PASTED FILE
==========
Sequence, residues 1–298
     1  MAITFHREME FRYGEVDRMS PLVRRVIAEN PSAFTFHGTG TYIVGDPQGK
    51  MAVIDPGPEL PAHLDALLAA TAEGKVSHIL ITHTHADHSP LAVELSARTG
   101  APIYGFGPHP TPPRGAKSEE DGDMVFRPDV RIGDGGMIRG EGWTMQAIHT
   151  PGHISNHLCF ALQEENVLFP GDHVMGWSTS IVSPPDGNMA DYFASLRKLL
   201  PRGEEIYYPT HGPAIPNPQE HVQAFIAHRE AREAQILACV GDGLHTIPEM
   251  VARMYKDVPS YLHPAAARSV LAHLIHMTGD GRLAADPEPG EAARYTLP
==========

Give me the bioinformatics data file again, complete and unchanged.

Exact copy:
Sequence, residues 1–298
     1  MAITFHREME FRYGEVDRMS PLVRRVIAEN PSAFTFHGTG TYIVGDPQGK
    51  MAVIDPGPEL PAHLDALLAA TAEGKVSHIL ITHTHADHSP LAVELSARTG
   101  APIYGFGPHP TPPRGAKSEE DGDMVFRPDV RIGDGGMIRG EGWTMQAIHT
   151  PGHISNHLCF ALQEENVLFP GDHVMGWSTS IVSPPDGNMA DYFASLRKLL
   201  PRGEEIYYPT HGPAIPNPQE HVQAFIAHRE AREAQILACV GDGLHTIPEM
   251  VARMYKDVPS YLHPAAARSV LAHLIHMTGD GRLAADPEPG EAARYTLP